The team for Secret Compass' first expedition of 2012, 12 days in the remotest parts of South Sudan, up mountains and along rivers, began to coalesce at Nairobi Airport as various connecting fights arrived to meet the twice-daily Kenya Airways shuttle into Juba. Five of the eight team members dutifully shuffled aboard and barely 90 minutes later shuffled off again in the capitol of the world's youngest country. To be hit immediately by the full force of the mid-afternoon 40C heat. For a crew which had only shortly before left London's near-freezing conditions, this was a physical shock.
Minutes later it was accompanied by a cultural shock, as the world's youngest international airport struggled to cope with the arrival of two full planes in quick succession. To be fair, for most of the past 50 years the south of Sudan has been locked in conflict, so providing a pleasant and efficient airport experience has not been high on the national priority list. To describe the arrivals process in detail would only spoil the anticipation for those who are still to experience it. Suffice to say that a philosophical outlook and a touch of patience are the order of the day.
Two minutes later we were introduced to two sights which would prove to be more than welcome over the next 10 days. The first was Pete Meredith, the legendary South African river explorer and guide who would take care of us through the Nile section of our expedition. Tall and wiry, he's cool enough to make Fonzie look like a nervous hypochondriac. The second welcome sight was his enormous truck, which would be at various times our transport, pack animal, kitchen, sometimes bedroom, and welcome sun shelter in the days to come.
One of the genuine pleasures of expeditions of this nature is the fantastically diverse array of people who make up the team. From memory we had a forensic accountant, an ex-professional footballer now running an academy in India, an insurance broker, a surgeon, two IT specialists (whatever it is that they do), and a matching pair of freelance photojournalists. And even more are the stories of previous adventures they bring. We wasted no time in jumping into friendly been-there one-upmanship. Venezuela? Yup. Antarctica? Of course. I'll see you Afghanistan, and raise you North Korea! The discussion was only curtailed by the arrival of some surprisingly good food, followed by a rugby international on the big screen (it can't be all hardship you know).
The next morning was a leisurely start to a long day in the truck as we headed south and east out of the Juba sprawl. That smooth blacktop was soon a thing of the past and we lurched and bumped past the forbidding South Sudanese countryside. The landscape was desert and low scrub, which reminded me of the Australian outback, and from the vantage point of the truck seemed to be just as inhospitable to human habitation at anything but the smallest scale. We passed many small villages of half-a-dozen round mud-walled and thatch-roofed huts; or sometimes just a lone hut by the side of the road. The villager's possessions, in any Western sense, were undoubtedly meagre, and their cattle thin. However we were unfailingly met with enthusiastic waves and beaming smiles by both elders and children.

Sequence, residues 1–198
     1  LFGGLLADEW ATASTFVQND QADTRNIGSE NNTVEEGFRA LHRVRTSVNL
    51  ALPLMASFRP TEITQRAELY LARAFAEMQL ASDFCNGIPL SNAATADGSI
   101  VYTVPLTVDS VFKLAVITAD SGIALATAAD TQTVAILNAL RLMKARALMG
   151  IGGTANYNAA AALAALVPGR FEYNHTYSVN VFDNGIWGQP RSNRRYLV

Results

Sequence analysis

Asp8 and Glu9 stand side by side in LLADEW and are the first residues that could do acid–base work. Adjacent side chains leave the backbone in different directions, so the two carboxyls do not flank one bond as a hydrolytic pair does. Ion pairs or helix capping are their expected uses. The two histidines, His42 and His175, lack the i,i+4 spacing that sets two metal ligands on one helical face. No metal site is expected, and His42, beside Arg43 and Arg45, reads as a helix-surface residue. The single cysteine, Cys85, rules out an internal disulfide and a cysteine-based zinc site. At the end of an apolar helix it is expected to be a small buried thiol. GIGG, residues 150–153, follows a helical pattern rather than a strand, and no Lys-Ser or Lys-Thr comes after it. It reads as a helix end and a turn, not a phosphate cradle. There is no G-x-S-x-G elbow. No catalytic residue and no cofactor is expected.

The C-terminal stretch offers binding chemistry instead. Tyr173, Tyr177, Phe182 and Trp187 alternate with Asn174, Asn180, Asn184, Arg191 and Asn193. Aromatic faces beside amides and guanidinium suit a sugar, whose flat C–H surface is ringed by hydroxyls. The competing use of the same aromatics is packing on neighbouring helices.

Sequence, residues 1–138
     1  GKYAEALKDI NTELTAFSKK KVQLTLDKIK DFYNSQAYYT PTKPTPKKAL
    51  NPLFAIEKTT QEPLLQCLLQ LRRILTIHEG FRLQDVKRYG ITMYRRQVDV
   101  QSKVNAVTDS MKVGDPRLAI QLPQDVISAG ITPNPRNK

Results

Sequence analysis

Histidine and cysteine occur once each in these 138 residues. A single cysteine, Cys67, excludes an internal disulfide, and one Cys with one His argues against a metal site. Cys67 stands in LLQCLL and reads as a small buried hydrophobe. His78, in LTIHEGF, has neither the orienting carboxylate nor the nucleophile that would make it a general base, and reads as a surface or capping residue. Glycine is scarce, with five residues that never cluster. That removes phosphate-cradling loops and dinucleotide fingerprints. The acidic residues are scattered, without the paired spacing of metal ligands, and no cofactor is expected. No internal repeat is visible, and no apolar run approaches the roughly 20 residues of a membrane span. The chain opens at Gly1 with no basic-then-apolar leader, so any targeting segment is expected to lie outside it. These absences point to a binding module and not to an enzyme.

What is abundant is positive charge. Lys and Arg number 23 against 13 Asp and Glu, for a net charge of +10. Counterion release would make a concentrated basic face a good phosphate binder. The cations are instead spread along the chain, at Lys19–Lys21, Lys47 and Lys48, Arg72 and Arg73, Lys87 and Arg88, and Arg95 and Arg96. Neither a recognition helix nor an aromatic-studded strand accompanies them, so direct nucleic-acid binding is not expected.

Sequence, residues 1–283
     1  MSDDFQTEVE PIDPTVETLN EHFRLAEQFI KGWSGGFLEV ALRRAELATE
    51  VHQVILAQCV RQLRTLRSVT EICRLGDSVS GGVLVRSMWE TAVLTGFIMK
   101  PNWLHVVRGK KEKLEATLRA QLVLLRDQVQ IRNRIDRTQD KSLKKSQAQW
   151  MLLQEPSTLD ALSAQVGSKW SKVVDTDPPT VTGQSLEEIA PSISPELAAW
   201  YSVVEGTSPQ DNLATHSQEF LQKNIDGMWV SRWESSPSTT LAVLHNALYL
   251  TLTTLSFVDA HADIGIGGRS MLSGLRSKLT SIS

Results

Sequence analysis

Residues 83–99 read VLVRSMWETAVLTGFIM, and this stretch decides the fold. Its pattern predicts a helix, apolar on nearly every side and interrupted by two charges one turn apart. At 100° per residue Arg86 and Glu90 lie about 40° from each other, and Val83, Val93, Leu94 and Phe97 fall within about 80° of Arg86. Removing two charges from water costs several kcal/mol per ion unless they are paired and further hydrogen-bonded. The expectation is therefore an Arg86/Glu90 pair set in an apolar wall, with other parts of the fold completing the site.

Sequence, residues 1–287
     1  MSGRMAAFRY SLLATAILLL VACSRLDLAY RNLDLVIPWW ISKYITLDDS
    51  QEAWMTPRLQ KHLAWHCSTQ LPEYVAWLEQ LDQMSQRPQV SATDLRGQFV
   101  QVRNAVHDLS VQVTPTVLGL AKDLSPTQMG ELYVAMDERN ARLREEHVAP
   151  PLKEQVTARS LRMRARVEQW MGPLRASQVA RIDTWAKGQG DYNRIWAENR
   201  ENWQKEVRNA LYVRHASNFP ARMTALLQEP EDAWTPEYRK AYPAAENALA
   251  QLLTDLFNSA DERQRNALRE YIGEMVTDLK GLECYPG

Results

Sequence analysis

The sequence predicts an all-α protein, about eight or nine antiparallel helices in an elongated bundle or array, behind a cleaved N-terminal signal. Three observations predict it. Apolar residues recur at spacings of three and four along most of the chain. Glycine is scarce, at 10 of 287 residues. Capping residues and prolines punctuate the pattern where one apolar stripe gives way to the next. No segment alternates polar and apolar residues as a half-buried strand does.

Lunch was spent in the town of Torit, and its lively Lomoliha market. Since the tourist trade here is literally zero, there was perhaps a suspicion that any Westerners sporting large cameras - and that was just about all of us - could not be up to anything good. A degree of discretion is advised here as some locals are fine with having their picture taken, some are not. It is better perhaps to be content with shopping for the fantastic fresh bread, fruits, vegetables and dried fish on offer, all at incredibly cheap prices. There's even a general store (ok, shack) with an enviable selection of liquor, including at time of writing a bottle of Sheridan's liqueur! I can't imagine it's a high-demand line, but you never know.
Back on the road-like construction, we made good time south. The vegetation became gradually thicker, the trees taller and greener, and we eventually entered the rolling low mountains of the Imatong Range. Our destination for the day was the village of Katire, on the bank of the river of the same name and about 10 miles as the bird flies to our ultimate objective, the summit of Mt Kinyeti, Sudan's highest. As Pete "Laconic" Meredith guided us to our campsite there was again much curious waving and smiling. I would venture that they don't get too many ex-British military trucks festooned with digital cameras and their slightly sweaty owners in this part of the world.
We were greeted warmly by the two villagers who would be our guides for the next few days. James, who spoke good English, and Donata, the "landlord of the mountain" (and according to the wording on the back of his mauve - yes, mauve - overalls, also "Water pump mechanic") were local hunters from the Lotoko tribe. The village children, although curious, kept a respectful distance as we pitched our tents and prepared our last proper meal from the ingredients which Laconic seemed able to produce at will. We went to bed early, interrupted only by the high-volume discovery of an errant spider in one of the tents; a situation which was soon rectified, but not in the spider's favour.